That answer will always vary. But regardless of the women that are put in ministry with me, regardless of who the Lord has called me to minister to or disciple, Austin will always be the primary ministry God has charged me with. If I ever doubt if I have meaning ministry in my life, all I need to do is roll over and look at the man God has given me to share all of life with and be reminded that he will always be my first, most important, most necessary ministry. If I walk with fifty women this year, teach multiple Bible studies, and disciple women to be more like Christ, but neglect to encourage, equip, challenge, and walk into holiness with this man, I have missed my calling altogether. In marriage, we chose to be united to one person, and we are to walk towards holiness together.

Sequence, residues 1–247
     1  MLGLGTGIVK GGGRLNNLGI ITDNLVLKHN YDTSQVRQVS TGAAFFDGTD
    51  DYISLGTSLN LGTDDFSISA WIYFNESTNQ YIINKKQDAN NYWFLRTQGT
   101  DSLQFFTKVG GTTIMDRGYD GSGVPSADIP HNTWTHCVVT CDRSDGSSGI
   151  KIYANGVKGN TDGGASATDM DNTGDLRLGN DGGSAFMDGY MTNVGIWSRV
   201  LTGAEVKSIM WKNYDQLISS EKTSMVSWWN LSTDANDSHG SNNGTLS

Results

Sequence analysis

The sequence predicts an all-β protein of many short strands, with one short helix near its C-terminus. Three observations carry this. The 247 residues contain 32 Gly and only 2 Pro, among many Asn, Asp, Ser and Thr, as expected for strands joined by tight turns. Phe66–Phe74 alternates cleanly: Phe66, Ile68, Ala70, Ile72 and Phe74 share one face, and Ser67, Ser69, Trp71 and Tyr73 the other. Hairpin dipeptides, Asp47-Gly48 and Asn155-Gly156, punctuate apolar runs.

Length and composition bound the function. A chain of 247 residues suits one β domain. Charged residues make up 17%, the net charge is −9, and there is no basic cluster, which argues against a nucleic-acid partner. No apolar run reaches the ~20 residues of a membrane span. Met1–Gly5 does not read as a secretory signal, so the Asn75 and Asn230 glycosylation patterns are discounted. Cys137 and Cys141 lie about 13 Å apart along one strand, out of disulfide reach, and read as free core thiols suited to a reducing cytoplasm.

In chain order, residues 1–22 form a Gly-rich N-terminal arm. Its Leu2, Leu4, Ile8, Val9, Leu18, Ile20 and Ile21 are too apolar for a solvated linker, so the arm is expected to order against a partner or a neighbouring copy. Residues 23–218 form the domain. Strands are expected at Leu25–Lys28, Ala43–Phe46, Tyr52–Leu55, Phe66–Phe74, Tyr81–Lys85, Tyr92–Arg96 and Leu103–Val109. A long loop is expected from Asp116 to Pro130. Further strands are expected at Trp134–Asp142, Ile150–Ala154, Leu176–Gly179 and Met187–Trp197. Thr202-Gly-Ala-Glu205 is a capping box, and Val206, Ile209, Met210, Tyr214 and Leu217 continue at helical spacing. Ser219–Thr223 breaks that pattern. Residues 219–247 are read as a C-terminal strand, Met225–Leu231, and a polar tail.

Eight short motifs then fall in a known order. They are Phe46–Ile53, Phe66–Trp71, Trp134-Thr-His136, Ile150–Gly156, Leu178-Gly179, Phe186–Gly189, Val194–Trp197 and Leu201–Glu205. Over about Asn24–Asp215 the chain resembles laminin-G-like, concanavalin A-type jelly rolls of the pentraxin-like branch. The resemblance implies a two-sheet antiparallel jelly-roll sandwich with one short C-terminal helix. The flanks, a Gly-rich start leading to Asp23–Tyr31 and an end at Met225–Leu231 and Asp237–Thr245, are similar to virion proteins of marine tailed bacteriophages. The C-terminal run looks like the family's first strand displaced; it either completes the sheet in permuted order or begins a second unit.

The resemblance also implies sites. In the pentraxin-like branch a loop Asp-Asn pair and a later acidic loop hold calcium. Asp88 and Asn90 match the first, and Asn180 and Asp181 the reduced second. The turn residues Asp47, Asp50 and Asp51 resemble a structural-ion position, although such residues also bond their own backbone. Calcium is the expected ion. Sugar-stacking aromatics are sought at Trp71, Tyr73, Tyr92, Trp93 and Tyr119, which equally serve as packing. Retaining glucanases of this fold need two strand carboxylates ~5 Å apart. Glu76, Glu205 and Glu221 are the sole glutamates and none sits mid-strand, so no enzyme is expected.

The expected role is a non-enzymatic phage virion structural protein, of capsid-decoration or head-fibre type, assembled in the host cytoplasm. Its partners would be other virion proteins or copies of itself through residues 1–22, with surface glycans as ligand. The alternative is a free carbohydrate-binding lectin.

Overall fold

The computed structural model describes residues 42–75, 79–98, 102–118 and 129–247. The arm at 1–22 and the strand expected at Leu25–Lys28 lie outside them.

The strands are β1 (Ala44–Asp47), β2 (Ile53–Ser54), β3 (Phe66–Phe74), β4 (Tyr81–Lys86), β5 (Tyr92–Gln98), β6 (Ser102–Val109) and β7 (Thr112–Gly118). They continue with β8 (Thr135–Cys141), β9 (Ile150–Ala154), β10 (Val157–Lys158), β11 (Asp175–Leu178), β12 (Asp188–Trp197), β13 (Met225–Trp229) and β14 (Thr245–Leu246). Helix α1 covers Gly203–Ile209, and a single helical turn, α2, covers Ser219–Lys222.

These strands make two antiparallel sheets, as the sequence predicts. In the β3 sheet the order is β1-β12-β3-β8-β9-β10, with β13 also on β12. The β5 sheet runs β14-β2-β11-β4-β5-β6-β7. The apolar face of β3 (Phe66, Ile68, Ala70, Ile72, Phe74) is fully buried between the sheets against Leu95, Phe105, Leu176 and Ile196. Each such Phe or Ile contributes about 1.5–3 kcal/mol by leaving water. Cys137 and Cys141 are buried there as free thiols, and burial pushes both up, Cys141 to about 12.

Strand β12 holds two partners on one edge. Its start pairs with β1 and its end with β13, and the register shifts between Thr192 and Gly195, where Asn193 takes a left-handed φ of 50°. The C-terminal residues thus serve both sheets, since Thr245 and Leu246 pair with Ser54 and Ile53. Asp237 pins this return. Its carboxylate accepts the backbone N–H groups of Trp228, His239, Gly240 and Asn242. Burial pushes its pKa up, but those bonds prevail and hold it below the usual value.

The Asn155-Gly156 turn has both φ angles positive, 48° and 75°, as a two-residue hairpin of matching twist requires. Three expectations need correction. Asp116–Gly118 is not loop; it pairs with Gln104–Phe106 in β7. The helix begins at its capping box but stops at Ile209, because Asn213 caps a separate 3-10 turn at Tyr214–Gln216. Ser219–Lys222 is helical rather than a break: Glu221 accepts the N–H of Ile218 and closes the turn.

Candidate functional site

I remember a dear professor and friend of mine relating a turning point in his ministry and marriage. They had been in pastoral ministry, been on the mission field, and in their current seasons of planting a church he was putting in oodles of hours each week. Often missing meals and home and going to be much later than his wife, his wife walked into his office one night. “You have a mistress,” she told him flatly. He was taken aback – of course he wasn’t being unfaithful to his wife, what could have possibly made her think that? She continued: “You have a mistress, and her name is the Church.” The hours spent in ministry to the neglect of his primary ministry was, in it’s own way, an act of infidelity. In their marriage vows, they promised to be each others first, but ministry to the local church has reversed that paradigm. When seasons of ministry are at their fullest, the Spirit brings this story to mind. I am reminded that God is not honored by any service to the Church that comes at the expense of ministry to my family. God will not call me to prioritize ministry to His Bride to the neglect of ministry to my husband.